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March 2016

Primary Cutaneous Cryptococcus in a Patient With Multiple Sclerosis Treated With Fingolimod

Author Affiliations
  • 1Department of Dermatology, University of Pennsylvania, Philadelphia
  • 2Division of Infectious Diseases, University of Pennsylvania, Philadelphia
JAMA Neurol. 2016;73(3):355-356. doi:10.1001/jamaneurol.2015.4259

A 62-year-old woman with multiple sclerosis treated with fingolimod for 3 years presented to the clinic with a tender nodule on her forehead, which had gradually grown over 3 weeks (Figure). She reported bumping her forehead on an air-conditioning unit several months prior. She denied fever, neck stiffness, and photophobia, and her neurological examination was at her baseline. She lived alone with a pet cat and spent minimal time outdoors. She had no recent exposure to systemic steroids.

Figure.  Cutaneous Cryptococcus Clinical and Histologic Photographs
Cutaneous Cryptococcus Clinical and Histologic Photographs

A, Eroded, crusted papule on the left forehead. B, Skin biopsy specimen showing granulomatous lymphohistiocytic inflammation surrounding thickly encapsulated yeasts (arrowheads).

A shave biopsy of the skin revealed granulomatous inflammation composed of histiocytes, giant cells, and lymphocytes admixed with numerous narrow-budding yeasts with thick capsules. Tissue culture grew Cryptococcus neoformans. A full workup for systemic disease, including chest radiography, serum and cerebrospinal fluid cryptococcal antigen, and blood and cerebrospinal fluid cultures, was negative. A human immunodeficiency virus test result was negative. She had regular monitoring of her T-cell counts while receiving fingolimod, most recently showing a white blood cell count of 3.9/μL (4000-1100/μL [to convert to ×109 per liter, multiply by .001]); lymphocyte count of 0.65/μL (range, 1000-5000/μL [to convert to ×109 per liter, multiply by .001]); absolute CD4 count of 56/μL (range, 560-1840/μL); and CD8 count of 121/μL (range, 260-1230/μL). She had no other lesions on full-body skin examination.

Given the absence of systemic findings, the patient was diagnosed as having primary cutaneous cryptococcosis (PCC) and treated with a loading dose of 800 mg fluconazole, followed by 400 mg daily until complete healing, for a minimum of 6 weeks. Fingolimod was discontinued during workup for disseminated infection and was not restarted because the patient had a change in diagnosis from relapsing-remitting to secondary progressive multiple sclerosis. At 1-month follow up, the forehead lesion was healing with residual scar, and she remained in good health.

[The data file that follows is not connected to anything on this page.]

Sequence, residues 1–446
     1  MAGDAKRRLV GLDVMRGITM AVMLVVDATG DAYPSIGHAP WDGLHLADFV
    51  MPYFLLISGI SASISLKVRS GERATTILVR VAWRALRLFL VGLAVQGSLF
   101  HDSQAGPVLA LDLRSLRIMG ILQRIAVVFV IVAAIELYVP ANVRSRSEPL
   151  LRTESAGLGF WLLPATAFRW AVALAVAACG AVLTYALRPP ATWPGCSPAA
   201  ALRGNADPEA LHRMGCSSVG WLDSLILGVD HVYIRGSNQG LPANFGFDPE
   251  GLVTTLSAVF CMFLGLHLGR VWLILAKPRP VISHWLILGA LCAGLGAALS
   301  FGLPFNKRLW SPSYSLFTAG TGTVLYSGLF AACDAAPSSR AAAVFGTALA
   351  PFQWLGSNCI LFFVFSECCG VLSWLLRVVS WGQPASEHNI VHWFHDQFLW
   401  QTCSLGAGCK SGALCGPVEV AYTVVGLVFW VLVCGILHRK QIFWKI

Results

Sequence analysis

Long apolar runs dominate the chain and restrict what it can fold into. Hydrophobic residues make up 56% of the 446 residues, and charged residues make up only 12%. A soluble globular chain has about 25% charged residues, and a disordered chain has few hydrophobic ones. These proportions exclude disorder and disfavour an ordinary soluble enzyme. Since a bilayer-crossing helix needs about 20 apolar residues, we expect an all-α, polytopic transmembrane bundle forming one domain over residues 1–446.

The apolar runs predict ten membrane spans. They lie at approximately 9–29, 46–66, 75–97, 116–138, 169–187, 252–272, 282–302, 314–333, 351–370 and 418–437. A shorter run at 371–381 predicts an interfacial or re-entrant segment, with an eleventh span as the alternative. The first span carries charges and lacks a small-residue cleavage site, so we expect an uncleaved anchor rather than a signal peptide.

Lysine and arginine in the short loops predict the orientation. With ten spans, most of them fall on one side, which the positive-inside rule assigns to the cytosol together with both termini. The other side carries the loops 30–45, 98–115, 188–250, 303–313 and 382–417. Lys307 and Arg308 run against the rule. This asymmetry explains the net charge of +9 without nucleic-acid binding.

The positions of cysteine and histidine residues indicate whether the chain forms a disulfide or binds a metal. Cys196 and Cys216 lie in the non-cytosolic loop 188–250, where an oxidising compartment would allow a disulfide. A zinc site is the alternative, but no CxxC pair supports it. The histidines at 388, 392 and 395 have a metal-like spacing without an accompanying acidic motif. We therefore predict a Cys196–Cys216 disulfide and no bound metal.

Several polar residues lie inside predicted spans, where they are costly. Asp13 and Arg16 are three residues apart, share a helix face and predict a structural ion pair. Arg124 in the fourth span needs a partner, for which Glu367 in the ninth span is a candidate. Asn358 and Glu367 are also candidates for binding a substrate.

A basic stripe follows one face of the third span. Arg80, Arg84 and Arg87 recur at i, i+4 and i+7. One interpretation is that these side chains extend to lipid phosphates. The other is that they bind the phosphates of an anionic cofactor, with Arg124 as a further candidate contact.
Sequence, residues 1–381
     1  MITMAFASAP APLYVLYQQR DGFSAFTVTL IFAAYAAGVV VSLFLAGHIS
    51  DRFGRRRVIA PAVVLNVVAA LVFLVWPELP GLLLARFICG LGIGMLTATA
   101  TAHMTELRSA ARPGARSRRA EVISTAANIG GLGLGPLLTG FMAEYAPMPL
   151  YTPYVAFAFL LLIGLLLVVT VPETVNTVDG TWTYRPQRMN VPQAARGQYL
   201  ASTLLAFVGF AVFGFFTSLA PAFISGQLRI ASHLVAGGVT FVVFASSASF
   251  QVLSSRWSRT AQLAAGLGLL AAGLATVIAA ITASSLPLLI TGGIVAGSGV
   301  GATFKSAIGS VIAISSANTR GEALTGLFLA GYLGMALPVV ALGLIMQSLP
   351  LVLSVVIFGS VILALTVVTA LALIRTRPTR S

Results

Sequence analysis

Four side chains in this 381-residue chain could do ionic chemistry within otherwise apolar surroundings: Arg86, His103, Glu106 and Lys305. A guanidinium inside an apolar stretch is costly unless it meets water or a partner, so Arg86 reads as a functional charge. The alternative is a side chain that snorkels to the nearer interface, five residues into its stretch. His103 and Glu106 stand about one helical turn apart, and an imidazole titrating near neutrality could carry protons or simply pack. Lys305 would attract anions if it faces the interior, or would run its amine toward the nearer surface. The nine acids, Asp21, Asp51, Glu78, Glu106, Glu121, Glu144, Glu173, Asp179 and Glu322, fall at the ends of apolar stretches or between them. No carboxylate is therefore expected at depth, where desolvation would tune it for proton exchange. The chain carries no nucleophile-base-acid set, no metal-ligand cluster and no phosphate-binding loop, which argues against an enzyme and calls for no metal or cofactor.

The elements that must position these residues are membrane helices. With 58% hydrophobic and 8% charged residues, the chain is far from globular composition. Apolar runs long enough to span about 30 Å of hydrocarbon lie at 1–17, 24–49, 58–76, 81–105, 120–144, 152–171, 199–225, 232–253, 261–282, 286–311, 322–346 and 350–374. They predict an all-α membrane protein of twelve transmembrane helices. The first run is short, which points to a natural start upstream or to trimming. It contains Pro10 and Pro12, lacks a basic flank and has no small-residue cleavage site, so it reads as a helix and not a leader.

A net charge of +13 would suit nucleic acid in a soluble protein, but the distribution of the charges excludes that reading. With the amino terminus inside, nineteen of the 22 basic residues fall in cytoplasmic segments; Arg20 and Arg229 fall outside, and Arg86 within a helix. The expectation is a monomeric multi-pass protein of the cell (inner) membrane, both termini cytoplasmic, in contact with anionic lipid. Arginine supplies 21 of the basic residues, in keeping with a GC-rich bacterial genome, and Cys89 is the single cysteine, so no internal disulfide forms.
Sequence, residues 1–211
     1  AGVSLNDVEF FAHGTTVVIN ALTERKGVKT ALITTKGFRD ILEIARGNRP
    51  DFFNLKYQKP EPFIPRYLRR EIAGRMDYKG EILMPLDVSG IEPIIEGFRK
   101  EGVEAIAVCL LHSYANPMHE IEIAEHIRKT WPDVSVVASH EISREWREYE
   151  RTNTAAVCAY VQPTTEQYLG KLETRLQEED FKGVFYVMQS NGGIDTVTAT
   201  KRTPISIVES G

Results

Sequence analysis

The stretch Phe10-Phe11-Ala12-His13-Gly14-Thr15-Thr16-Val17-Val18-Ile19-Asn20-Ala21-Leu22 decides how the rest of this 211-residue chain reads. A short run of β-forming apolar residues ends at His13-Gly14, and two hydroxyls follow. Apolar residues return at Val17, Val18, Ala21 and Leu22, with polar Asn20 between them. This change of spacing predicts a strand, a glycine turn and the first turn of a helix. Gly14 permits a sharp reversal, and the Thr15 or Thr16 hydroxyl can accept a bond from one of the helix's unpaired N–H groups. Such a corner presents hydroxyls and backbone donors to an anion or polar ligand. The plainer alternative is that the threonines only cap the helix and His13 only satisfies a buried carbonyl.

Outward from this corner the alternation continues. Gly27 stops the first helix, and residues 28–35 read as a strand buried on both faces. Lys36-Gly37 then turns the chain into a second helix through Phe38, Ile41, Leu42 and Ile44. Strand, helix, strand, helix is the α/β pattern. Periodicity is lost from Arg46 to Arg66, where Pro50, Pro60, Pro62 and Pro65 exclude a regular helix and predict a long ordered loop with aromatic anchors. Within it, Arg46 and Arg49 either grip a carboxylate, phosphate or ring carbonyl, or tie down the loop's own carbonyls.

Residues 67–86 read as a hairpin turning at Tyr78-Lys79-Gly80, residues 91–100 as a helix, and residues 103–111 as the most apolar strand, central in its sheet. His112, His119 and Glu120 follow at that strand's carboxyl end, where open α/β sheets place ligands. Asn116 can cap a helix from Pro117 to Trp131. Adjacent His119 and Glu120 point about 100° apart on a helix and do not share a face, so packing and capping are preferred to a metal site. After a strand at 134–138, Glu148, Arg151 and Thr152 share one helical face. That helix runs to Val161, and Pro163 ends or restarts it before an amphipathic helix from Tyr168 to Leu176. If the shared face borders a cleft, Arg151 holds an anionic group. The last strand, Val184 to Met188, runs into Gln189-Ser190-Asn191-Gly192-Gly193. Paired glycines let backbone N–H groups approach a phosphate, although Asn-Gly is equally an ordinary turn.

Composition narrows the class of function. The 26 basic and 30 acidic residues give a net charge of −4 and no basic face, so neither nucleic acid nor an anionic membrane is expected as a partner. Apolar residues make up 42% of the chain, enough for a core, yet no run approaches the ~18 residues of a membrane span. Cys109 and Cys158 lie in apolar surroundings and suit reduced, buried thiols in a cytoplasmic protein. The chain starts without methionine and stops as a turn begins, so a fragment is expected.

Fingolimod is a disease-modifying treatment for multiple sclerosis, which acts via downregulation of sphingosine-1-phosphate receptors on lymphocytes, resulting in selective retention of CCR7+ naive T cells and central memory T cells in lymphoid organs. There is less effect on CCR7 CD8+ effector T cells, although there is evidence of functional impairment of these cells independent of sphingosine-1-phosphate signaling.1 It has been suggested that the risk of infection nevertheless remains low with fingolimod because of a smaller effect on CD8 cells. Sequestered lymphocytes have preserved function, and recently activated T cells can “escape” sequestration by downmodulation of CCR7.2,3

Existing evidence largely supports low infection risk with fingolimod; however, there is a reported increase in herpes zoster infections, including 2 cases of disseminated zoster and 11 cases involving more than 2 contiguous dermatomes.4 Influenza and lower respiratory tract infections may also occur more frequently. There is 1 reported case of pulmonary cryptococcal infection in a patient receiving fingolimod.5

Primary cutaneous cryptococcosis is a rare localized cryptococcal infection characterized by skin-only involvement without systemic infection. It is thought to develop after direct inoculation. Cutaneous cryptococcosis strongly suggests disseminated disease, so every effort should be made to rule this out before making the diagnosis of PCC. Primary cutaneous cryptococcosis can also secondarily disseminate, leading to meningoencephalitis and other complications if left unrecognized. The morphology PCC lesions can vary widely, presenting as a papule, nodule, plaque, or ulceration. In contrast, AIDS-related disseminated cutaneous cryptococcosis classically presents with numerous umbilicated papules, resembling molluscum contagiosum.

Risk factors for PCC include exposure to soil and wood, prior injury to the skin site, and immunosuppression, in particular, defects in cellular immunity as seen in human immunodeficiency virus and idiopathic CD4 lymphocytopenia. Our patient’s CD4 count prior to diagnosis was very low at 56/μL. Importantly, however, PCC can occur in immunocompetent patients; therefore, it is not certain whether the patient’s immune status was contributory in this case.6 An association has also been reported between PCC and C neoformans serotype D (var neoformans), but the serotype in this patient is unknown. Further study and monitoring are warranted to define the risk of infection by common and opportunistic pathogens in patients receiving fingolimod.

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Article Information

Corresponding Author: Amy K. Forrestel, MD. Department of Dermatology, University of Pennsylvania, Philadelphia. 3600 Spruce St, 2 Maloney Bldg, Philadelphia, PA 19104 (Amy.forrestel@uphs.upenn.edu).

Published Online: January 11, 2016. doi:10.1001/jamaneurol.2015.4259.

Conflict of Interest Disclosures: None reported.

Additional Contributions: We thank the patient for granting permission to publish this information.

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